2020 first-ever virtual NFL Draft proceeds securely


LA Times

The 2020 NFL Draft was the first virtual draft in the history of the NFL. League commissioner Roger Goodell is announcing all draft picks from his house. All general managers, coaches, and draft prospects are tuning in from their homes.

Due to concerns amid the COVID-19 pandemic, the National Football League (NFL) conducted the 2020 NFL Draft virtually for the first time in the history of the league. Regardless of the new method, the fan following of the draft continued to stay active.

Initially, the draft was going to be held grandly in Las Vegas, the newest home of an NFL team (Raiders). NFL draft prospects were ready to ride boats to the hall when they would hear their names be called by league commissioner Roger Goodell. 

However, the unexpected situation didn’t allow for these plans to be executed. Instead, Goodell placed a TV sign reading “2020 NFL Draft” in his house background and announced the names of players who got drafted.

NFL team coaches and general managers sat at their homes with their respective families and emailed their picks to Goodell once they were on the clock. The bright side of the setting was that team staff rejoiced with their families once their picks were announced.

Even though there was no physical attendance to this virtual draft, the 2020 NFL Draft set all-time records for viewership, which was somewhat expected as there was no option but to watch it at home. More than 15.6 million people watched Round 1 of the NFL Draft on Thursday, Apr. 23. Over 8.2 million people watched Rounds 2 and 3 on Apr. 24. More than 4.2 million people watched Rounds 4-7 on Apr. 25.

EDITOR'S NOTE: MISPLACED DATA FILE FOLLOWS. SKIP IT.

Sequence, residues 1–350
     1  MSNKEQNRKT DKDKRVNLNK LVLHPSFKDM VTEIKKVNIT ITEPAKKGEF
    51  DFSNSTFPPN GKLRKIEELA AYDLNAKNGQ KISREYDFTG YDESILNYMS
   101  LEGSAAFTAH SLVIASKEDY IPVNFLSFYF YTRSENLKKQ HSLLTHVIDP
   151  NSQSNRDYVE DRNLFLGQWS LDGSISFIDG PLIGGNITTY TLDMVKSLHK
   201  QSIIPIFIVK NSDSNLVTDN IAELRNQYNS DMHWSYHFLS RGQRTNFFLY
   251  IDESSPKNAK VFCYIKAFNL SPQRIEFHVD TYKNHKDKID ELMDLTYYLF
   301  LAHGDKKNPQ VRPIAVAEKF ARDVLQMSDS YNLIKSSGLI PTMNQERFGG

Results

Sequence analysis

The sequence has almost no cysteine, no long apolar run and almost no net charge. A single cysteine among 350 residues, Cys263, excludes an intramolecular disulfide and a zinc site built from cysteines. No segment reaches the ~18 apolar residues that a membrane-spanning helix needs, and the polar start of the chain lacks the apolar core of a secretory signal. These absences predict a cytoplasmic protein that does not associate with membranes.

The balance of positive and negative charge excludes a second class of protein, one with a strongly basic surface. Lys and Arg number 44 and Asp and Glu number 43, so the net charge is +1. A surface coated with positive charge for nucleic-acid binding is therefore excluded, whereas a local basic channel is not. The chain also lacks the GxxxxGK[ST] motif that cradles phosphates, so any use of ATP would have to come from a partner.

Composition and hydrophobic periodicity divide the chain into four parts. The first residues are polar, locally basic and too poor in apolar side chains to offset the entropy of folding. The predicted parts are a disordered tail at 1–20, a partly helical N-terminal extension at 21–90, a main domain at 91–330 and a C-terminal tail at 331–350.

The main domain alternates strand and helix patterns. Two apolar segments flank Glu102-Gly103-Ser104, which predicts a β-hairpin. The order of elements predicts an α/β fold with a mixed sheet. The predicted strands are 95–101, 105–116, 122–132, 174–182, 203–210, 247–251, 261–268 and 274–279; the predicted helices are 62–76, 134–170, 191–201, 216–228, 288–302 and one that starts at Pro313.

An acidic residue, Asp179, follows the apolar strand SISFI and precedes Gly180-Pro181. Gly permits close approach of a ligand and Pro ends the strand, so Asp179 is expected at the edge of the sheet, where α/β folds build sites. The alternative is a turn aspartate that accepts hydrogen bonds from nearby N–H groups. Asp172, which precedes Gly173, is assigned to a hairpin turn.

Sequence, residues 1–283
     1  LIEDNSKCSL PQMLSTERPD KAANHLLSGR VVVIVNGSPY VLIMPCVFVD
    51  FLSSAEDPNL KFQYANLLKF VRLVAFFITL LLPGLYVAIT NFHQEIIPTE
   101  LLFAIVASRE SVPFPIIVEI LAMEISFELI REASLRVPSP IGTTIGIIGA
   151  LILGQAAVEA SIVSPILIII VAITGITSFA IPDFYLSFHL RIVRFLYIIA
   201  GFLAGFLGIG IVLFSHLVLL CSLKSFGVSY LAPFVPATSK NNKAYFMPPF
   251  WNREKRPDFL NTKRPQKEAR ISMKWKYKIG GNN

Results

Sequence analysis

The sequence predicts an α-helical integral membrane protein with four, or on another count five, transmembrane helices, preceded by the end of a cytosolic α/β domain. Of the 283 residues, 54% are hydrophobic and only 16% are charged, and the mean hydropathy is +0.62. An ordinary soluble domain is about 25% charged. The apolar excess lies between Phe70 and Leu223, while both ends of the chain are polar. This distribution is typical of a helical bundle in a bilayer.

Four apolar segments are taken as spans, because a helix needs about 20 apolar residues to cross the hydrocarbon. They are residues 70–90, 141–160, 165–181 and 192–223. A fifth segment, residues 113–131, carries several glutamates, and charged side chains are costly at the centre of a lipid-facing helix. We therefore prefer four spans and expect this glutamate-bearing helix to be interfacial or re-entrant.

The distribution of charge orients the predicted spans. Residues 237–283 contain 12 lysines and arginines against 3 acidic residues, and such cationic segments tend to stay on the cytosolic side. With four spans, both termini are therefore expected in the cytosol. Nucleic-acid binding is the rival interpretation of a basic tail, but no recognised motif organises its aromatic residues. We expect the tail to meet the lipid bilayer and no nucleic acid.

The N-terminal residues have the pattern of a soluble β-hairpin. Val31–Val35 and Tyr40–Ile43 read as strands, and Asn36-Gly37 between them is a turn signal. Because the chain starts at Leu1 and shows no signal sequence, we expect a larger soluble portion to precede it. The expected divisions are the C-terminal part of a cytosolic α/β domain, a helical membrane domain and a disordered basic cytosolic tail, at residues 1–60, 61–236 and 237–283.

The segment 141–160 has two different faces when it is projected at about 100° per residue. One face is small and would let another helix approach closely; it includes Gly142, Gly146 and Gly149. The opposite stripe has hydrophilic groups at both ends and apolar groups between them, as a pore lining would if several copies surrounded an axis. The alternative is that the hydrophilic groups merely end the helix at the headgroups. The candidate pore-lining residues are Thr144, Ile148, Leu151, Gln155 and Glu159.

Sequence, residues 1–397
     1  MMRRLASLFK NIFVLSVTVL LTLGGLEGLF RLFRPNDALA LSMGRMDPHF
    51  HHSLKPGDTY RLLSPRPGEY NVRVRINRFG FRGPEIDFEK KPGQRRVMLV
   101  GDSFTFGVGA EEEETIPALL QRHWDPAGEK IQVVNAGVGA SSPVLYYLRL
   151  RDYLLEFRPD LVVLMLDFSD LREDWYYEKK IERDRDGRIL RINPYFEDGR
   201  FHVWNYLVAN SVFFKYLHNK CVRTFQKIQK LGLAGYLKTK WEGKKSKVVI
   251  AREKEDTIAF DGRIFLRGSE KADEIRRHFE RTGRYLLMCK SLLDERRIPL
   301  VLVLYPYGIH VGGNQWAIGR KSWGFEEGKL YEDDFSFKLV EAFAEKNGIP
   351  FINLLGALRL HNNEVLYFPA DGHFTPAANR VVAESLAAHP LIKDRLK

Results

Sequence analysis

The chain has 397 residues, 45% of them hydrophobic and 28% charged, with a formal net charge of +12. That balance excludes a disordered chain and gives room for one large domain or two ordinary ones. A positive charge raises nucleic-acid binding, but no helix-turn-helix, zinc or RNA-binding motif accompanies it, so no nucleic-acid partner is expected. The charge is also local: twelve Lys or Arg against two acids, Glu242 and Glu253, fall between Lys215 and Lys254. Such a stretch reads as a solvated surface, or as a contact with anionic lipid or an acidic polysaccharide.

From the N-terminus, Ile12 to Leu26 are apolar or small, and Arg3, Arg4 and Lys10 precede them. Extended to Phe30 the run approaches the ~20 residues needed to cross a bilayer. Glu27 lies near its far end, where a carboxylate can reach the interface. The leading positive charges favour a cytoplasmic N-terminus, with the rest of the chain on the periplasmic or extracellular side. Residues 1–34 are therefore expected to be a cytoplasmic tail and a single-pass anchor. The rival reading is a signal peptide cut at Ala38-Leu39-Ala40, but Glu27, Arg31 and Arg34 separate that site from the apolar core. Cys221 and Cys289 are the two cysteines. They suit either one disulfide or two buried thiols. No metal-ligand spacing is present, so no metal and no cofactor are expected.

Occasionally, the draft even showed large TV screens of NFL fans of different teams and draft prospects celebrating as the draft continued. Of course, the fans were not at a stadium or a hall in Las Vegas but were divided on the screen and cheering from their homes.

Before the drafts, a controversy sparked when NFL coaches and staff were complaining that an online draft can possibly be hacked, which could drastically change the future of the league. Fortunately, the draft did not feature an abnormal number of odd picks to suggest that the draft was hacked by a third party.

Some NFL coaches including Ravens Head Coach John Harbaugh expressed further concerns that other teams can gain unwanted access to the playbooks and draft plans of their competitors. However, the NFL claimed that they ran a system test with all 32 teams on the Monday before the draft and that their approach to cybersecurity is “comprehensive and thoughtful”. (Reuters.com)

The first round almost mirrored many mock drafts on popular sports sites such as CBS and NBC. Each team, with the exception of a few (ie, Green Bay Packers drafting quarterback Jordan Love), addressed major needs. Even Green Bay’s infamous pick of Love can be viewed as sensible in a sense that starting quarterback Aaron Rodgers’ days are numbered due to aging out of his prime. Hence, providing a young quarterback with valuable experience behind a veteran may be good for the future of the franchise.

Overall, the NFL Draft was not normal, but neither are the circumstances. Conducting the NFL Draft virtually provided hope for many sports fans who are eagerly waiting for the return of sporting events during these uncertain times.